25/06/2013 - 14:11

Grant’s business strategy pressing all the right buttons

25/06/2013 - 14:11


Upgrade your subscription to use this feature.
Grant’s business strategy pressing all the right buttons

For half a century and over four generations Grant Elevators has evolved to meet the demands of a changing industry.

What started in the 1930s as a family run electrical contracting business became Grant Elevators in 1963, which focused on lift maintenance and working with other Australian companies to manufacture lifts.

However as those other companies increasingly were bought out by multinationals, Grant Elevators found itself a small player in a field of ‘full-service providers’.

To stay competitive, Grant Elevators changed its business strategy and moved to take over the entire process – manufacturing, instalment and maintenance, the company’s managing director, Simon Henderson, said.

To facilitate this, Grant Elevators formed a 50 per cent venture with Schindler – SchindlerGrants Australia – in the 1980s.

Under this arrangement, Grant Elevators manufactured the lifts, while Schindler installed and maintained them.

The agreement ended in the 1990s when Grant Elevators sold its 50 per cent stake, leaving Schindler with the maintenance contracts.

Since that split nearly 20 years ago, Grant Elevators has stayed on its own path, manufacturing, installing and maintaining elevators as an independent entity with a focus on the Western Australian market.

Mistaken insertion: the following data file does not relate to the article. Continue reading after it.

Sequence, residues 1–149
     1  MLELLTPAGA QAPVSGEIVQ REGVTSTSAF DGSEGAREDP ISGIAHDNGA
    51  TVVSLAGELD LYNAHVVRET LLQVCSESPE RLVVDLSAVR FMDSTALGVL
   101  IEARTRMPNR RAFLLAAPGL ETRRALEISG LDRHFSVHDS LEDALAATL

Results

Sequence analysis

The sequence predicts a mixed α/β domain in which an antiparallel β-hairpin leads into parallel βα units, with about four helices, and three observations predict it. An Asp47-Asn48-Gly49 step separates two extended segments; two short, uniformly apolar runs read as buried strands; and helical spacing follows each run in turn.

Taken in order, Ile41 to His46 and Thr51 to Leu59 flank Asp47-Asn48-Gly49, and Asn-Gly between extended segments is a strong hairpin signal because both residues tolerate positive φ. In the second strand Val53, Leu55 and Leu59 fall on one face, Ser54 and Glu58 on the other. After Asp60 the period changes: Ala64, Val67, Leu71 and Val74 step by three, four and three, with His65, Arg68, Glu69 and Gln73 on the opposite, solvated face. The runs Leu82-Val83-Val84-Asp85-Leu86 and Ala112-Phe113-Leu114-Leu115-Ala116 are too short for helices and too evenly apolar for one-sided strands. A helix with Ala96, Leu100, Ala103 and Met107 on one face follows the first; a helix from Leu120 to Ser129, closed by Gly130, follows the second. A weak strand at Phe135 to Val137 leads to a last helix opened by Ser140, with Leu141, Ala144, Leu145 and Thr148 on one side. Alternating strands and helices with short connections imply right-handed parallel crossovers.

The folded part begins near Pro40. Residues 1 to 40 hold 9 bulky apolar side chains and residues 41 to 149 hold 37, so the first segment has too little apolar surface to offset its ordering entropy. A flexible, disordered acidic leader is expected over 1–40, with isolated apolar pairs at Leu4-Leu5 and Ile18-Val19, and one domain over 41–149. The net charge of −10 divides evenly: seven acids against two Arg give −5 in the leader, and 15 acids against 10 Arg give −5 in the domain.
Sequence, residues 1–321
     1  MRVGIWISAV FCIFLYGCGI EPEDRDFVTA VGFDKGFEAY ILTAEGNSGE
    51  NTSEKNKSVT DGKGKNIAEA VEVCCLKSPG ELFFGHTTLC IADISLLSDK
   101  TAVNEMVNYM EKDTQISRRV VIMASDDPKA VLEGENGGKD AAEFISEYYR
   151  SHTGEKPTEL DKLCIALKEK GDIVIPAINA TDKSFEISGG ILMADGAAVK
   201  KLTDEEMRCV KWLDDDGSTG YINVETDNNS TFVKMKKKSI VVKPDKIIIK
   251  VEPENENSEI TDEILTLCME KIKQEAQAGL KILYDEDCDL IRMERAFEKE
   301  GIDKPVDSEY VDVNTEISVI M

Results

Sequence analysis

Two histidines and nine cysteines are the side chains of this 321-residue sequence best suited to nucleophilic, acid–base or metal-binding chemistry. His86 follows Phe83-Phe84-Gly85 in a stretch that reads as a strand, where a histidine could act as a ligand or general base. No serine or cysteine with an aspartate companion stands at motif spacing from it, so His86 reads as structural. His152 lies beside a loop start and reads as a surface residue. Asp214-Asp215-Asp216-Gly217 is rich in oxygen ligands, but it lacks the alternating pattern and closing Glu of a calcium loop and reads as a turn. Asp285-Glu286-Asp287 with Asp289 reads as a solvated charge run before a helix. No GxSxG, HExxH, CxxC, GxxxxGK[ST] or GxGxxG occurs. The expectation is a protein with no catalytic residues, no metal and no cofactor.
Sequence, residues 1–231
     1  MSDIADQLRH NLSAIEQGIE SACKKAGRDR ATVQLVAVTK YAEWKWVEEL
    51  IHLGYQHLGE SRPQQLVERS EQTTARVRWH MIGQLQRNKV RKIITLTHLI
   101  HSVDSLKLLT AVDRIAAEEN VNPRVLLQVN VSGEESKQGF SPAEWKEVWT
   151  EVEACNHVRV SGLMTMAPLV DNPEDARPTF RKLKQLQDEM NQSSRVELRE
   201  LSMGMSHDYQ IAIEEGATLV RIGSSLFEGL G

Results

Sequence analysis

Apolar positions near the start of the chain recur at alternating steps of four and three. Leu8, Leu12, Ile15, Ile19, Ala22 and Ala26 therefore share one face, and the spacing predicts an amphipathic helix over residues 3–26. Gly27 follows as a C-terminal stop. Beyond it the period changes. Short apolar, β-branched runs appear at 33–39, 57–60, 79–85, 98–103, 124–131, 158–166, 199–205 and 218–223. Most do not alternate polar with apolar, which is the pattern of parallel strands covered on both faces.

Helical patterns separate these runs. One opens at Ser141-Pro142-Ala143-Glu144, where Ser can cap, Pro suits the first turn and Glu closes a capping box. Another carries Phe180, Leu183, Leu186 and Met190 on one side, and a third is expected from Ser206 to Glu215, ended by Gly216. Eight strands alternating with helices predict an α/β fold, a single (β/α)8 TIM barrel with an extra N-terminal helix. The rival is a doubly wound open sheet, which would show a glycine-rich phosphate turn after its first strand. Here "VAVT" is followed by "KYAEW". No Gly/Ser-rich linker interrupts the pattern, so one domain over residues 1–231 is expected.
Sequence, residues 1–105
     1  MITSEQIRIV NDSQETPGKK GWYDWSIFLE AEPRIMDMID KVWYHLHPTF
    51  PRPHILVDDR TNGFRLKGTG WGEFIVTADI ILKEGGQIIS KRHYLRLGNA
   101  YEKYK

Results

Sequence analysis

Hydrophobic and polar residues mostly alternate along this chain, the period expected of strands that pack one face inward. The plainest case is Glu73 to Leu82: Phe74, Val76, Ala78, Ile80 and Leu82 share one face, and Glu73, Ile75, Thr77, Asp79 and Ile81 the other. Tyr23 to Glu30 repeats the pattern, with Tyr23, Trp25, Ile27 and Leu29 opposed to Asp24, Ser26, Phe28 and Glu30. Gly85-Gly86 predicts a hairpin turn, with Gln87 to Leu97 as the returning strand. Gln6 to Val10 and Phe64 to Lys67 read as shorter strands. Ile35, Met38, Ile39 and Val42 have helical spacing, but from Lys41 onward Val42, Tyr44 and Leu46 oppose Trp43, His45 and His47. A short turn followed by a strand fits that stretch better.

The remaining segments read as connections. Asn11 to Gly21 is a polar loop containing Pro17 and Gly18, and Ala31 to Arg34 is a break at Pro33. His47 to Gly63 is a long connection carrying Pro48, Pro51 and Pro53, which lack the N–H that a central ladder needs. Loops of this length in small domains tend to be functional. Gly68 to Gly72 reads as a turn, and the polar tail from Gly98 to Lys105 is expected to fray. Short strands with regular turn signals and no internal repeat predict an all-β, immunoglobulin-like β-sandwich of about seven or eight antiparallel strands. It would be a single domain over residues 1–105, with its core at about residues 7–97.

Sales to other states and overseas account for only about 5 per cent of its business, and have been made throughout the Asia Pacific and China.

The company has about 1,600 lifts installed in WA, about 15 per cent of the market, Mr Henderson said.

Mr Henderson said the company sold, on average, 100 lifts a year at upwards of $30,000 each with a 50 per cent split between the residential and commercial markets.

Simon Henderson’s father, Paul, is in charge of the manufacturing side of the business, which operates under the name Elevator Sales, while Simon operates the instalments and maintenance of the lifts under the flagship name Grant Elevators.

The company has experienced a five-fold increase in revenue during the past eight years, but Mr Henderson acknowledged the company was unable to sustain that growth and was facing challenges.

“It’s very competitive in terms of pricing although we still find quite a lot of work out there; the margins on equipment and things like that are really tight so that’s probably the main challenge at the moment,” Mr Henderson.

He said one of Grant Elevators’ strengths was its purpose-built factory, which enabled it to create custom products for clients, something competitors KONE and Schindler couldn’t match.

An example of this was the custom lift Grant Elevators supplied for the refurbishment of the heritage building at 88 William Street. 

Another strength, Mr Henderson said, was the experience of the company’s staff.

“Everyone who works here, they’re all lift people,” he said.

“Our factory floor manager has been with us for 40 years; the level of expertise that our people have is pretty phenomenal.”

The business currently provides lifts for residential and commercial operations in the low to mid-rise market within an upper limit of 10 storeys.

It has long-standing relationships with European businesses, sourcing parts from both Italian and German companies. To this end, Grant Elevators has a full-time employee in Italy to facilitate the business’s activities.


Subscription Options